There is another significant cultural achievement that honoring the Monuments alone fails to recognize. Think about what it took to conceive of, muster the component materials, and build each of the structures. Each structure had to successfully go through that process to bring it to fruition. Moreover, none of the structures could have existed without the necessary “manpower” (I prefer to call it human or person power.) The fact that the society was able to free up the person power required to create the structure is the hidden, behind-the-scenes major accomplishment of the culture. Look at it this way, in order to provide for the workers on a daily basis, the society had to produce enough goods and services to take care of everyone. That not only includes those who worked on the monument, it also involves those who produced all of the required goods and services as well. Furthermore, the decision to build the structure is a collective decision, requiring communal action.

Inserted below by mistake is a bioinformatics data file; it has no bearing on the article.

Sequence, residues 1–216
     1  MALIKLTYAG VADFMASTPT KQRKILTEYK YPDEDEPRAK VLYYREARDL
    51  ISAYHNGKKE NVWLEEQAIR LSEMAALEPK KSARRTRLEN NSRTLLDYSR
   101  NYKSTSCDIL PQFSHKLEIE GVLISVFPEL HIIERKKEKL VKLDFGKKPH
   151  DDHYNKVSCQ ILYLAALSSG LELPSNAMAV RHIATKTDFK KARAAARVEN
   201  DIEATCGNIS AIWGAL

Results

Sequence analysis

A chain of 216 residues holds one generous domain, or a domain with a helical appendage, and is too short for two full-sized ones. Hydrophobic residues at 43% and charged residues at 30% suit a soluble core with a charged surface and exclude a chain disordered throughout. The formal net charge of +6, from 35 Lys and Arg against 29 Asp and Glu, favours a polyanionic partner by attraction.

In economic terms, the first priority of every society is to produce enough goods and services to take care of everyone currently in the society. In order to create a monument the society had to produce that amount and more — a “surplus”. The TERF required to create the monument comes out of the surplus. If the output falls short of what was required to sustain the culture, not only would it be impossible to create the monument, there was no guarantee that the society would exist beyond the current generation. In short, first and foremost everyone had to be provided for.